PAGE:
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Networking Strategies

Good question. I have been letting people come to me for the past couple of years, but since I am trying to grow my practice, I am starting to be more purposeful in my marketing and networking.

 

Start by talking to the connections you already have, so you can leverage their networks. For example, I had lunch with my friend and financial advisor, who does a lot of networking, to tell him about our new business practice. He gave me three names of people I should connect with, so I will. I also met with a business consultant who used to be interim CEO at the non-profit where my wife worked. I discovered that I might be able to refer business to her, but she also gave me a couple of names.

 

That is how I map out my strategy of people to contact. Also, make sure you follow up with a handwritten thank-you note! I just put together my own custom cards at cardstore.com. I just made a nice logo for the cover and printed my business card on the inside. They look great, and get as many comments as the cards themselves.

Comments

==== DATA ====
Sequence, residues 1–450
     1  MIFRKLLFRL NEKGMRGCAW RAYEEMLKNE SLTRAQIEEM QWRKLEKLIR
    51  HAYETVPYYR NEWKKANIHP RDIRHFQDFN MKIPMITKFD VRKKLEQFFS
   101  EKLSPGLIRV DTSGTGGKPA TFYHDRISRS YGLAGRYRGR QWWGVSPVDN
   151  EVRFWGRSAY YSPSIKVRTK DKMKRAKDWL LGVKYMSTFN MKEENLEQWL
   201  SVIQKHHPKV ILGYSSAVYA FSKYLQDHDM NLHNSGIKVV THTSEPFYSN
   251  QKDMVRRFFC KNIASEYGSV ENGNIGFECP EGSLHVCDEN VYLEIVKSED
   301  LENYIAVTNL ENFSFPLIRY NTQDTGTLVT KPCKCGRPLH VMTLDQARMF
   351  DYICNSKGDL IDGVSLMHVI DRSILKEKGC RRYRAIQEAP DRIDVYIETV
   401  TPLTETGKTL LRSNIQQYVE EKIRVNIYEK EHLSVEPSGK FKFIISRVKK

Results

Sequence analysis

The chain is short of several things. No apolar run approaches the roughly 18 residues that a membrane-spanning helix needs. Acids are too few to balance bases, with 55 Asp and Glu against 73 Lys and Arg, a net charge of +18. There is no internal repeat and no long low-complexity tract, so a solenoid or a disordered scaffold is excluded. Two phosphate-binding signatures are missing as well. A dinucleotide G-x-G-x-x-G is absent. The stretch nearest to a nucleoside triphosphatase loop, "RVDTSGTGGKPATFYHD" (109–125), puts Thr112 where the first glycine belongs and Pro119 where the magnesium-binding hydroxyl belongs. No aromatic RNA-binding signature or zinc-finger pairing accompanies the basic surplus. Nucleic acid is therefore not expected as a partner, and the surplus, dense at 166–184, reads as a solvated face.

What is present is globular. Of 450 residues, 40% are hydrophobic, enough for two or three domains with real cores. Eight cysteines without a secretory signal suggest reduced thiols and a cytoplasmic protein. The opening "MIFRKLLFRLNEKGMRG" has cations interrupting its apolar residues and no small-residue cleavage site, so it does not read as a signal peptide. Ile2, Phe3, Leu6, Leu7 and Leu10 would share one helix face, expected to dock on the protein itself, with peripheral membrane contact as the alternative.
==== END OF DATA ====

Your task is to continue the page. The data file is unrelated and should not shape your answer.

• Graham,

     

    I wrote a post on what I think is the best way to contact people for one-on-ones. I prefer email over the telephone.

    http://lawyerist.com/to-%E2%80%9Ce%E2%80%9D-or-not-to-%E2%80%9Ce%E2%8...
    l/

    Good luck.

    Regards,

    Roy
  • I would agree that you need some sort of plan.

    If you are just starting out, I would suggest first starting with more experienced attorneys in the areas you want to practice.  Having a good mentor is invaluable - sometimes you need to have someone you can call up and say "I have this situation, and here's how I'm thinking of approaching it - am I missing something?"  Sometimes you learn something new, sometimes you realize you know more than you thought.  After you have those relationships, start looking for people who work in areas complimentary to your practice areas (attorneys in different practice areas, financial planners, etc.).

    I think the e-mail vs. phone thing is a matter of personal preference.  I am a big fan of e-mail as a first contact.  I hate the phone.  I find it to be an unwelcome distraction.  Most of the time I have to force myself to answer.  I would much prefer an introductory e-mail and then set up a plan to meet.  But some people find e-mail impersonal and would rather have a contact call them.  You won't please everyone - so do what you are most comfortable with.

    --
    Jennifer R. Lewis Kannegieter
    Attorney at Law
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